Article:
Superpixel and Earth Observation – Intro

Image Segementation

The Rub’ al Khali, also known as the Empty Quarter, is beautiful and is also massive. It is the world’s largest sand desert (also known as an erg) covering an area larger than France. If you have watched Star Wars: Force Awakens you might be interested to know that 6 months of filming took place here. There is something about a an erg that I find captivating.

I wrote a series on Interactive Image Segementation earlier in the year. I used the Watershed Algorithm to map circular irrigation systems, firstly by looking at coins. This time I will look at Superpixels in the Rub’ al Khali, but also show how to segment this year’s squashes!

What can I say, deserts and image segmentation, they are just made for each other.

First up – What is a Superpixel?

Think about pixels. They are mostly square. An image is a made up of a regular grid of pixels.

The pixel-grid, however, is not a natural representation of visual scenes. It is rather an “artifact” of a digital imaging process. It would be more natural, and presumably more efficient, to work with perceptually meaningful entities obtained from a low-level grouping process. For example, we can apply the Normalized Cuts algorithm to partition an image into, say, 500 segments (what we call superpixels).

The above definition is taken from the webpage shown below. “Superpixel: Empirical Studies and Application”

Let’s apply image segmentation to satellite images and create superpixel maps.

Scikit-image has a segementation model that we can implement pretty fast in Python. It has an algorithm built in called Simple Linear Iterative Clustering (SLIC). Details of this algorithm are found here; it’s an interesting read.

Below is the implementation of the algorithm in skimage. Don’t be put off with the number of arguments to parse, you can run this algorithm just by specifying the n_segments parameter (the number of segments you think are in the image); adjust this parameter to fit your own images (the more complex, the more segments).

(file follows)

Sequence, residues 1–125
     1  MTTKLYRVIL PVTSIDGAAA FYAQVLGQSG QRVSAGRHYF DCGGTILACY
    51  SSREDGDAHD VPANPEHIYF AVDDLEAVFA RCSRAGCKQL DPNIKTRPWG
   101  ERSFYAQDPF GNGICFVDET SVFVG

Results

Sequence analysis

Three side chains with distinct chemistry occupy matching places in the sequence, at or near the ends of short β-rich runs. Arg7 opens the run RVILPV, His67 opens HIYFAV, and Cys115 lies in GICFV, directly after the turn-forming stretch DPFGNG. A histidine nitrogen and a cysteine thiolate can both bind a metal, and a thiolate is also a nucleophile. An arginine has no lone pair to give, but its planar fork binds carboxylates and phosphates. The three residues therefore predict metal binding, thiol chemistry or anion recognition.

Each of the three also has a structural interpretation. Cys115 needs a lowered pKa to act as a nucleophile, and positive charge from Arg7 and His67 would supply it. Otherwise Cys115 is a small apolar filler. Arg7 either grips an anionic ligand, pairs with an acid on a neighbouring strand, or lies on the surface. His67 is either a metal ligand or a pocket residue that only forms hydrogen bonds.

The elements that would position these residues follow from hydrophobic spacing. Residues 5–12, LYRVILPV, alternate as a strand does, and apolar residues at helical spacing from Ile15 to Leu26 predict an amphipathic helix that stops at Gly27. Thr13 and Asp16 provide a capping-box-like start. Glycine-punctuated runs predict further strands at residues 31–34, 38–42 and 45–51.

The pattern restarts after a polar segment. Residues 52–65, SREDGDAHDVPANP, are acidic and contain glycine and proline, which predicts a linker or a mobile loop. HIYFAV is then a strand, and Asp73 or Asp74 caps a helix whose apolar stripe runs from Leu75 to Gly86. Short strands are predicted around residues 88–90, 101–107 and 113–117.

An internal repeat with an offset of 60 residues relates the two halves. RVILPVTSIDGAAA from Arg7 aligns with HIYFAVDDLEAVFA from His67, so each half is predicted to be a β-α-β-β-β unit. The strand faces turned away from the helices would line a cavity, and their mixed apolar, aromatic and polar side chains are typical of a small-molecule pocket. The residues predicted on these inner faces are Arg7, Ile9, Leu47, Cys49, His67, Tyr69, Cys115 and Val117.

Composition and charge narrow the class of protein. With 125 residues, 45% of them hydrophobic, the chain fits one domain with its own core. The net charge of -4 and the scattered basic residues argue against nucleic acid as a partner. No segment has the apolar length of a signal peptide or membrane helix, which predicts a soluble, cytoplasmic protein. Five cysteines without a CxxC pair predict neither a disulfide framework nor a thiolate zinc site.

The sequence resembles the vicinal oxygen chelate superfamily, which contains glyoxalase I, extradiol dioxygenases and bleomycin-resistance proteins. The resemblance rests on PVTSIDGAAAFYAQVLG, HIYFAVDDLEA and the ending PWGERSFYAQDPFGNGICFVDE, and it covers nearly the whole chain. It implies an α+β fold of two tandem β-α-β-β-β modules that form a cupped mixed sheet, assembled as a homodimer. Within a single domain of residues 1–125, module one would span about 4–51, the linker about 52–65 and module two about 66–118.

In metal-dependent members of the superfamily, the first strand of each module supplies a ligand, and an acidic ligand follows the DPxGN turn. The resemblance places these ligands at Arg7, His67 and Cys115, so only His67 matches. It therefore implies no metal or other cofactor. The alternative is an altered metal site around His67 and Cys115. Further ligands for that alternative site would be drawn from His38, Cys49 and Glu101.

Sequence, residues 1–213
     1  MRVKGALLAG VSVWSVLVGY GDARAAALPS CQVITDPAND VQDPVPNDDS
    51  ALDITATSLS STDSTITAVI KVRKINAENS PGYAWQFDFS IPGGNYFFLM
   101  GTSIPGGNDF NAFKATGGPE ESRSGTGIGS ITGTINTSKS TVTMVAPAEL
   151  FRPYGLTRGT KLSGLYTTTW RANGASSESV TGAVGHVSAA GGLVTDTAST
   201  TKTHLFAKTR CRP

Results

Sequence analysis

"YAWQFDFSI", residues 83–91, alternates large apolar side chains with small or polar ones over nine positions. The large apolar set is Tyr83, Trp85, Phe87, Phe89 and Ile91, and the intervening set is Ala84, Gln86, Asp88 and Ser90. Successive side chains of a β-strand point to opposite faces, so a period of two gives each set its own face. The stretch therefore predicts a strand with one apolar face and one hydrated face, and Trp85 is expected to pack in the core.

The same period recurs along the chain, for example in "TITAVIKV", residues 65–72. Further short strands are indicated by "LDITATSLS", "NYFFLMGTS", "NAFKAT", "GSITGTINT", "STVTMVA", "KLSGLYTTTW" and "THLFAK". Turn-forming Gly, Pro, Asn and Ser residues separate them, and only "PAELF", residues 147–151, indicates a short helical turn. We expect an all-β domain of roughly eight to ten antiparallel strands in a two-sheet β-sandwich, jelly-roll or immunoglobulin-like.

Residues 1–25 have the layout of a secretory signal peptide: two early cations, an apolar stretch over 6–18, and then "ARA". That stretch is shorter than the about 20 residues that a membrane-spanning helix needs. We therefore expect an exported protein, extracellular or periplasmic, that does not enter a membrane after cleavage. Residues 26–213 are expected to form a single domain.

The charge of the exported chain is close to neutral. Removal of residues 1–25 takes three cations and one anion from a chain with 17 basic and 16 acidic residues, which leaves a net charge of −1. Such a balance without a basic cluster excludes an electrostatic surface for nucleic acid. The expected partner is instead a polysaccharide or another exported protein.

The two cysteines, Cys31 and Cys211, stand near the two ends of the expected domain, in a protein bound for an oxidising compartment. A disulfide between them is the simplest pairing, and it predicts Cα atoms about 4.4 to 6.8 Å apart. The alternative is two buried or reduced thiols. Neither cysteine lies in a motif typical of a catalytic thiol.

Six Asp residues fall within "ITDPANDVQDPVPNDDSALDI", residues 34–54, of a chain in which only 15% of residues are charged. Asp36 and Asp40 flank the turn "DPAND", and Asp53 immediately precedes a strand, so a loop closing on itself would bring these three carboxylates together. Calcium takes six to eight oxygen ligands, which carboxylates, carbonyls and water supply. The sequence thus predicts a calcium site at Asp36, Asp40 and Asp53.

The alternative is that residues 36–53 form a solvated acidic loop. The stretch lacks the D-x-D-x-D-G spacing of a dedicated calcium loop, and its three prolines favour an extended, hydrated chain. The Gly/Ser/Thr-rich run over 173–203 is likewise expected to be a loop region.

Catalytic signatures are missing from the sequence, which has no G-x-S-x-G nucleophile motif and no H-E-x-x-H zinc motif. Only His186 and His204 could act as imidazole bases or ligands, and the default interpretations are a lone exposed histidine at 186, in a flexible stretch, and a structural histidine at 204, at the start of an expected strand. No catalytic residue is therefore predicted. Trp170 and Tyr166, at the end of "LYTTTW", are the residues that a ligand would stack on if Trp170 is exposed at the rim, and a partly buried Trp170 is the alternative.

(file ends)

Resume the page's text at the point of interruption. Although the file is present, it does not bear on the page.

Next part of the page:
skimage.segmentation.slic(image, n_segments=100, compactness=10.0, 
  max_iter=10, sigma=0, spacing=None, multichannel=True, 
  convert2lab=None, enforce_connectivity=True, min_size_factor=0.5, 
  max_size_factor=3, slic_zero=False)

You can run the segmentation on any image. As it is Autumn time let’s run it on my squash harvest.

segementation squashes

It gives a passable result. I set the n_segments to 50 and sigma to 4: the lower the value of sigma the more jagged the edges of the segmentation are; the higher, the smoother. It is a playoff as to what you wish to achieve :). Compactness is also another interesting parameter; the higher that value the ‘squarer’ your result.

The code

Image segmentation is not very complex to implement. Its basic form is shown below.

from skimage.segmentation import slic
from skimage.segmentation import mark_boundaries
from skimage.util import img_as_float
import cv2

# load the image and apply SLIC
image = cv2.imread("image.jpg")
## Change the n_segments and sigma values to fit your needs
segments = slic(img_as_float(image), n_segments = 50, sigma = 4)

bounds = mark_boundaries(image, segments)

cv2.imshow("bounds", bounds)

Superpixel and the Rub’ al Khali

Back to the desert. Segmenting images presents a nice way to map sand dunes. These are complex geomorphological features, varied in elevation and orientation. Navigating can be tricky, modelling them also complex.

image segementation

Top left (100 segments), Top right (300), Bottom left (500), Bottom right (1000)

Segmenting images in this way is a very fast, unsupervised way of classifying data. Like a k-means unsupervised image classification the user control and iterating the model are critical steps. The great thing about this is that it is fast. Really fast. Think about natural disasters and being able to quickly classify the imagery on hand, comparing before and after imagery and all of a sudden this becomes an incredibly valuable way of identifying change and areas of damage. You are on your way to further insights about the world around us.

Once segmented, you can just separate out image ‘chips’. Say for example an isolated dune. Why? Input to classification, input to template matching, an input into machine learning!

1 dune

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